Collaborate or Quit!

There’s an interesting article from Dennis Howlett on the ‘Poverty of Enterprise 2.0‘ in today’s ZDNet. It needs a darn good edit as an article, but the value of the article is in its central perspective that businesses and consumers are finding the process of adapting to the mantra of collaboration rather difficult. In particular, there is a grain of truth in Howlett’s notion that until the management of large corporations can massively shift in favour of flatter organisational information exchange – thereby undermining the very hierarchies that supported their rise to management – then it will be almost impossible to adapt social networking for much more than improved communication in a corporate structure. Importantly social networking technologies probably won’t generate the kinds of business improvements that the technologies promise.

But this is the same problem that faced the development of the internet over a decade ago. The promise of connectivity only became a reality when broadband became affordable and the social and usable tools of the Web 2.0 era began to emerge. For those of us building websites in 1994-1997 (and I was one of them) it was blindingly obvious to see how the accessibility of the web lended itself to information exchange and brought down the cost of access to information. But as advocates of new technologies, we lived through a period of doubt and refining of the technologies before we could demonstrate what we already understood about the WWW. And – to be blunt – some of that waiting period was effectively a form of waiting for people to die. Since 1995, all those business leaders who were technology doubters in their 50s and 60s have either been forced to adopt technology or they have retired. Now we’re on to the next wave of doubters about social media, and to some extent this is an even tougher cookie to crack because the promise of connectivity and collaboration can potentially break down the natural authority developed by hierarchical decision making.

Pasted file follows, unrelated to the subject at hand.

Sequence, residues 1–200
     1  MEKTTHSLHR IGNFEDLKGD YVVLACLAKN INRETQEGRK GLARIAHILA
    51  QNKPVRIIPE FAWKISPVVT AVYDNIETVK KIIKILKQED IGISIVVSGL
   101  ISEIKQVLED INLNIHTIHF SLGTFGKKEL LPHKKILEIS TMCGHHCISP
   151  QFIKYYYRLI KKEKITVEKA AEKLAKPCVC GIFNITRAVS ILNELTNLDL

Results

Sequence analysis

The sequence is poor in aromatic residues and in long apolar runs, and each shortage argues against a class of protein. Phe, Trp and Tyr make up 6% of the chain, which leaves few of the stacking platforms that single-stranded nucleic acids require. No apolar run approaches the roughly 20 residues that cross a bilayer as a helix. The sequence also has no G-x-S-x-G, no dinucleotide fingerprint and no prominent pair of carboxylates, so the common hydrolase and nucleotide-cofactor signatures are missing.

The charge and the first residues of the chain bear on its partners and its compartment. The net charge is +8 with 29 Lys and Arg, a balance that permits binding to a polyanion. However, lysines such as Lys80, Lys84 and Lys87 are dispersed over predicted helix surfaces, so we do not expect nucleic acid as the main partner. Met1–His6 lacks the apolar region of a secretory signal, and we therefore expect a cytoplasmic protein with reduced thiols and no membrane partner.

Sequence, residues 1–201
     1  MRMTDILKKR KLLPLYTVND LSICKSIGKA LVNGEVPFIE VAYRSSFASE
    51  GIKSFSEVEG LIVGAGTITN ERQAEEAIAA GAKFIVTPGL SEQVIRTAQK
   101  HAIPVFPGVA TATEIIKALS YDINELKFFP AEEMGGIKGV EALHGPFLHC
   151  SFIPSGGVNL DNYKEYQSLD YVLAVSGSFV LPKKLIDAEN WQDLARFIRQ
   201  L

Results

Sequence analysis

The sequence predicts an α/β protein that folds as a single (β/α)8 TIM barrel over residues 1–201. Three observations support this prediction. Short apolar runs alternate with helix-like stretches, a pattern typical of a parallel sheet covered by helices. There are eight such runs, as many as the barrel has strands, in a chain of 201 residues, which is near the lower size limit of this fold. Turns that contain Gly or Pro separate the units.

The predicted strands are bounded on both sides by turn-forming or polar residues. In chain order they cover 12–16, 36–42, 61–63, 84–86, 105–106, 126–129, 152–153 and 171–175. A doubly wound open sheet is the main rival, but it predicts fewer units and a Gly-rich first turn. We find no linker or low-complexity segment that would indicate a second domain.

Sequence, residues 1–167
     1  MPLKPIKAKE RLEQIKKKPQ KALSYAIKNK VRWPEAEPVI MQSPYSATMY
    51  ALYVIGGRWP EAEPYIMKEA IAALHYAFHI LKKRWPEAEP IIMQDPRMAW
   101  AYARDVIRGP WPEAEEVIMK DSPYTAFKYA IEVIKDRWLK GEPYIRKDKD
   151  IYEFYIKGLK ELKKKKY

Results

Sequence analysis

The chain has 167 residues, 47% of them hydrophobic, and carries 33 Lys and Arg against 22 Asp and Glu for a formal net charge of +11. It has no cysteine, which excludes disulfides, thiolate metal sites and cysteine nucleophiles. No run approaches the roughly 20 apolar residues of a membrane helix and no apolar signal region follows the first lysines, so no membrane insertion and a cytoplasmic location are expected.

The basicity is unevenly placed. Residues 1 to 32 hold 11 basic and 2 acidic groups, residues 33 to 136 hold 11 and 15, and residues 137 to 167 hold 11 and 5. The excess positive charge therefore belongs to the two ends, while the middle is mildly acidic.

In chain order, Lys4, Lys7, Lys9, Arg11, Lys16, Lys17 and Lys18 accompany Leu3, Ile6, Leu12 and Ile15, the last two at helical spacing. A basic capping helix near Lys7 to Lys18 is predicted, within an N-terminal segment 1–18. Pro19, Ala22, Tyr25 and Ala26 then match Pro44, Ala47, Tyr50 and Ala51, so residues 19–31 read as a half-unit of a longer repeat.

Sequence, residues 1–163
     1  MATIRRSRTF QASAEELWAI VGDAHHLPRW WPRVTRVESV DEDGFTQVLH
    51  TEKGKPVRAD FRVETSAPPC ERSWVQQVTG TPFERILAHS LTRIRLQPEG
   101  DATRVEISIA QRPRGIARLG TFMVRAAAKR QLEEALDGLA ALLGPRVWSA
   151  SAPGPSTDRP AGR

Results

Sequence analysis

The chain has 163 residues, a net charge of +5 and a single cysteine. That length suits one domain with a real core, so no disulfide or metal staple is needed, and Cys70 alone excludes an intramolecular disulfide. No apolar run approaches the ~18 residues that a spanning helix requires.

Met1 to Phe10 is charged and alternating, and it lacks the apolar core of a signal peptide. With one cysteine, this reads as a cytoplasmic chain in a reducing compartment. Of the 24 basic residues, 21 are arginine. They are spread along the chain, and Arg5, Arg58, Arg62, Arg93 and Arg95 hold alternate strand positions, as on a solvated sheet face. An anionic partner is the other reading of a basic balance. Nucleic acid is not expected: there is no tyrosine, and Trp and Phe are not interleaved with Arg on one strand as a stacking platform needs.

Essentially however, this is another generational window. In another 10 years, I’m confident there will not just be comfort in the notion of collaborative decision making, but there will be legal imperatives for transparent business decision making that go much further than current corporate governance recommendations.

And the thing is, as a business leader, I can say comfortably that there will always be authority in upper management, because it takes a particular personality to be able to look after the interests of a business, financially, socially, and strategically. What is needed is the kind of manager that will adapt to the idea of collaboration but will maintain a cognizance of the legal and social ramifications of responsibility for decisions made either hierarchically or collaboratively. Because ultimately, all the social media in the world is not going to take away the generations of business and trade law that will still identify a Director when business relationships and business productivity fails.

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